In the deadliest attack in Kabul since 2001, at least 80 people–mostly members of the Hazara minority group, a Dari-speaking, Shi’ite community that has long been persecuted in Afghanistan–were killed and more than 230 wounded when two suicide bombers struck a peaceful demonstration in Kabul on July 23.
“We were holding a peaceful demonstration when I heard a bang and then everyone was escaping and yelling,” a protestor told RFE/RL. “I saw many people were killed and most of them were covered with blood. There was nobody to help the victims. Policemen were looking at us and after that I heard gunshots. Then I don’t know what happened.”
Casualties also included bystanders and Afghan National Defense and Security (ANSDF) personnel. According to Afghan officials, one suicide bomber was able to detonate his explosive belt, a second one failed at his detonation, and a purported third bomber was killed by ANSDF members before he could detonate his device.Enjoying this article? Click here to subscribe for full access. Just $5 a month.
The regional affiliate of the Islamic State, also known ISIS, has claimed responsibility for the attack. “Two fighters of the Islamic State detonate[d] their explosive belts amid a Shi’ite gathering in the Deh Mazang area in Kabul, Afghanistan,” the terror group’s Amaq News Agency announced this afternoon.
Should ISIS’ claims prove to be true, it would mark the first time that the terror organization has successfully launched an attack of this scope in Kabul. Most recently ISIS and the Taliban have both claimed responsibility for a June 2016 suicide bomber attack in Kabul that killed 14 Nepali security guards. This time, however, the Afghan Taliban immediately denied responsibility for the bombing in a statement issued today:
We wish to make clear that the Mujahideen of Islamic Emirate have no hand in this incident. At the same time we strongly condemn all acts of cynicism which seek to divide the nation into ethnic groups and sides and then pushed into war. Such incidents are carried out by enemies of the nation and is a deplorable step.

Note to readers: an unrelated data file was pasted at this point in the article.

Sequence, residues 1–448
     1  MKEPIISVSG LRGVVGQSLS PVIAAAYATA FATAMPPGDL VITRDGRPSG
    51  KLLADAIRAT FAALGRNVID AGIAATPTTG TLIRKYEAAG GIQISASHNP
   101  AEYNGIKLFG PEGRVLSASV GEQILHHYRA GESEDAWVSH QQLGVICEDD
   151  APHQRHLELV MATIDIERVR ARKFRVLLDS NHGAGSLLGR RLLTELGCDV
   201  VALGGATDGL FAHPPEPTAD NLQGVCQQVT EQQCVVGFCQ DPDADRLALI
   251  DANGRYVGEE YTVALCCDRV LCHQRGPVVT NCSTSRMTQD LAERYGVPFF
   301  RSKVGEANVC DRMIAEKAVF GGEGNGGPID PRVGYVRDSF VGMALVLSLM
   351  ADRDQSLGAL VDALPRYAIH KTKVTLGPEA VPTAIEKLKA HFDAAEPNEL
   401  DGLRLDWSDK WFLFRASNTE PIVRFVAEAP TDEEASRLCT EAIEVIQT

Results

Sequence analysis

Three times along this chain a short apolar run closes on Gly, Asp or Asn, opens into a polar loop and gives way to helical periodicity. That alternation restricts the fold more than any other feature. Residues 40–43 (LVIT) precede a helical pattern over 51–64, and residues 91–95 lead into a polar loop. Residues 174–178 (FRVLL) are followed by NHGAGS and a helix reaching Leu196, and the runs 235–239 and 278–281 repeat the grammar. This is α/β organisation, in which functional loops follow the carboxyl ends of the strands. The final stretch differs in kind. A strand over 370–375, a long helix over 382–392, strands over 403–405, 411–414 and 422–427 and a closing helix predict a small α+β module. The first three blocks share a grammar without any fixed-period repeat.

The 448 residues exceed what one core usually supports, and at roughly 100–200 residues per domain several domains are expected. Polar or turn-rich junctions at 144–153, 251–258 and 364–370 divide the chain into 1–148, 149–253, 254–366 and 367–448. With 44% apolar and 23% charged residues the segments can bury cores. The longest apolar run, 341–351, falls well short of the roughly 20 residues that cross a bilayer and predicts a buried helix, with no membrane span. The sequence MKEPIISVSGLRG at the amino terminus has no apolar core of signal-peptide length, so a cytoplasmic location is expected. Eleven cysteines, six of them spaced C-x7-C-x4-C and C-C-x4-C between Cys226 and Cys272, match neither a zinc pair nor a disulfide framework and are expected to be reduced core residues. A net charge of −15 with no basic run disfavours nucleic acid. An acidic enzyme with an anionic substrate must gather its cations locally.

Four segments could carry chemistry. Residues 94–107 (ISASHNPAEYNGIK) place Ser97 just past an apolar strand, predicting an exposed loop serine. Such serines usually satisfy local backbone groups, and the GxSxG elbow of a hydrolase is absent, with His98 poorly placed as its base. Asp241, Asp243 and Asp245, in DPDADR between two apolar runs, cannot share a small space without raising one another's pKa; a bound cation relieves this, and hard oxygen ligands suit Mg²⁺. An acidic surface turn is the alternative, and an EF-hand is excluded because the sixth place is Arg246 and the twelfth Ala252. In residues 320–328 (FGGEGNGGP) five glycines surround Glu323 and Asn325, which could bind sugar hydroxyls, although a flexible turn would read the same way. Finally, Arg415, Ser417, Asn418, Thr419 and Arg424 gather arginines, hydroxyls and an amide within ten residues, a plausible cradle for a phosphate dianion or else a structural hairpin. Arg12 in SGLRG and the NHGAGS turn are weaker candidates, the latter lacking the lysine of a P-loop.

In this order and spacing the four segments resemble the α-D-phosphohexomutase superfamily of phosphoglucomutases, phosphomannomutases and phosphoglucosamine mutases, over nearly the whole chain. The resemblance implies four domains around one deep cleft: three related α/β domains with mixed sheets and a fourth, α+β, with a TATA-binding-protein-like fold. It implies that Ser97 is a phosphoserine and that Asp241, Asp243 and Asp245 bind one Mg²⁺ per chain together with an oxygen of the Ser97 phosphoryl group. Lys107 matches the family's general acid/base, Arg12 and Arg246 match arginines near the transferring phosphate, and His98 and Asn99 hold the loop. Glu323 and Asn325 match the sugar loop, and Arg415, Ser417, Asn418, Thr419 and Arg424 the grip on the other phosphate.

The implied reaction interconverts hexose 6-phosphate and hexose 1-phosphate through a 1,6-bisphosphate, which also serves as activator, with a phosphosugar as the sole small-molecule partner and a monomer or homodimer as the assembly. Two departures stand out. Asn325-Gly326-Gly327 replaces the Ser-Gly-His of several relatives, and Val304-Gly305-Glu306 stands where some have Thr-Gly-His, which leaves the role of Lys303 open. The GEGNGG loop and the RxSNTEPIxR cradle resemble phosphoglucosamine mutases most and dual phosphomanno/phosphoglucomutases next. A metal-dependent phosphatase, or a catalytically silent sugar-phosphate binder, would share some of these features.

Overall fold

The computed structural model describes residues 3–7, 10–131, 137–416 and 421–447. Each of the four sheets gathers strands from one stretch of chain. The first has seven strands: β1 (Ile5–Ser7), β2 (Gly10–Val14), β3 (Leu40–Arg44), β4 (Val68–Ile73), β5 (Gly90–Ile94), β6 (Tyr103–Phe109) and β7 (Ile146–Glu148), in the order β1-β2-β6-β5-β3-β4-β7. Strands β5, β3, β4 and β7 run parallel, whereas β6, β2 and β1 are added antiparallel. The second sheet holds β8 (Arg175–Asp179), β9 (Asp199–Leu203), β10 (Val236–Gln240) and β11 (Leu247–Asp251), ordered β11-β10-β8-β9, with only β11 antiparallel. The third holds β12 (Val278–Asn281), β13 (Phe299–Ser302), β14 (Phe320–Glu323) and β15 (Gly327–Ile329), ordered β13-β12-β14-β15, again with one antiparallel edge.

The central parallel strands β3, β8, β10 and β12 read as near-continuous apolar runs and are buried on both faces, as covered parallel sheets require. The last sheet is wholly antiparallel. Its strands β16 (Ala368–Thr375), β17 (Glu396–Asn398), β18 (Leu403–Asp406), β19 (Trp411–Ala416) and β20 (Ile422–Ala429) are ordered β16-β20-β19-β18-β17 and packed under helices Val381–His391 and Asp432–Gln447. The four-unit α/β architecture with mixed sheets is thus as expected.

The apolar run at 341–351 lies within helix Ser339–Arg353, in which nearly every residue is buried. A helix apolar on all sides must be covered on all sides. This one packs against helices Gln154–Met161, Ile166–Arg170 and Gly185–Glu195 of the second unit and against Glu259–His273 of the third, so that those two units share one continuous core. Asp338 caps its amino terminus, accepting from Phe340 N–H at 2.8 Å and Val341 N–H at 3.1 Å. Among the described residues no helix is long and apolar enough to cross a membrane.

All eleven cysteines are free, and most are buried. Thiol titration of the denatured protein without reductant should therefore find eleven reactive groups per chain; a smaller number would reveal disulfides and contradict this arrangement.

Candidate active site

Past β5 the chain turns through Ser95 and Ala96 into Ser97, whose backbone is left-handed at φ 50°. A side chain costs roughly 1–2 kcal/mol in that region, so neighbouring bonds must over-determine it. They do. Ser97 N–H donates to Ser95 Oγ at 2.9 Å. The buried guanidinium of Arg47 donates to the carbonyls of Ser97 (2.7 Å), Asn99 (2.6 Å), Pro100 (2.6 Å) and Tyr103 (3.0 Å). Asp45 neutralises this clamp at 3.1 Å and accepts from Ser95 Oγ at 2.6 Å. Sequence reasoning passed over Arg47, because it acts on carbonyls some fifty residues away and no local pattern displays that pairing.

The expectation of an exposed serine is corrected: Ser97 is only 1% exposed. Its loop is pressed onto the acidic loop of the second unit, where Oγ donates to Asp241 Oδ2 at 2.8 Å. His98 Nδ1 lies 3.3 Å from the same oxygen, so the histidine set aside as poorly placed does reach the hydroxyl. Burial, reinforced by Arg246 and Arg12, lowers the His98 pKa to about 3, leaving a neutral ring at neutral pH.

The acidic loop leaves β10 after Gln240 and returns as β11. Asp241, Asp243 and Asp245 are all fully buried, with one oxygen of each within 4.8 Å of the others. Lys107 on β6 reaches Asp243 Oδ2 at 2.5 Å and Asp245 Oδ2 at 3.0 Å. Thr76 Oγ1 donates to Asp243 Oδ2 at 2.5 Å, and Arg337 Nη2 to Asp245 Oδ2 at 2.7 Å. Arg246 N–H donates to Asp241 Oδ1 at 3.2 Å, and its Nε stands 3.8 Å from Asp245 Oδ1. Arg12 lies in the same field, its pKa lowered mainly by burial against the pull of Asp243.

The July 23 Hazara protest march, attended by around 10,000 people, was about the minority’s demand to reroute a 500-kilovolt transmission line through the central province of Bamiyan, home to Afghanistan’s largest Hazara community. The protest was triggered by a new Afghan government plan to circumvent Bamiyan and instead run the power line through the Salang Pass north of Kabul to Turkmenistan. This change in route, the government claims, will expedite the project and save millions of dollars in construction cost.
An Afghan government official told AP that authorities tried to dissuade the organizers of the march from holding the protest due to security concerns. “We had intelligence over recent days and it was shared with the demonstration organizers. We shared our concerns because we knew that terrorists wanted to bring sectarianism to our community,” Afghan presidential spokesman Haroon Chakhansuri stated.
Afghan President Aschraf Ghani, in a statement, said that the felt “deeply grieved” by the bombings. “Holding protests is the right of every citizen of Afghanistan and the government puts all efforts to provide security for the protesters, but terrorists entered the protests, and carried out explosions that martyred and wounded a number of citizens including members of security forces.”
Speaking on television later on Saturday, Ghani said: “I promise you I will take revenge against the culprits.” Afghanistan’s Chief Executive Abdullah Abdullah also issued a statement condemning the bombing. “I condemn the attack and pray for those who lost their lives or got injured in the terrorist attack today,” he said on Twitter. “We need to step up and stand united against this and other such horrible atrocities.We must combat our enemies,” he reiterated in a separate note.
“Our condolences go out to those who are affected by today’s attack,” said Resolute Support Commander General John W. Nicholson. “We strongly condemn the actions of Afghanistan’s enemies of peace and remain firmly committed to supporting our Afghan partners and the National Unity Government.”
In the past, the Hazara minority has repeatedly been exposed to attacks by Islamic extremists in the country. Last year, seven Hazaras were kidnapped and beheaded by militants in Zabul province, sparking protests in Kabul. Twin bombings in Mazar-i Sharif and Kabul killed dozens of Hazara in 2011.
July 24 has been declared a national day of mourning in Afghanistan.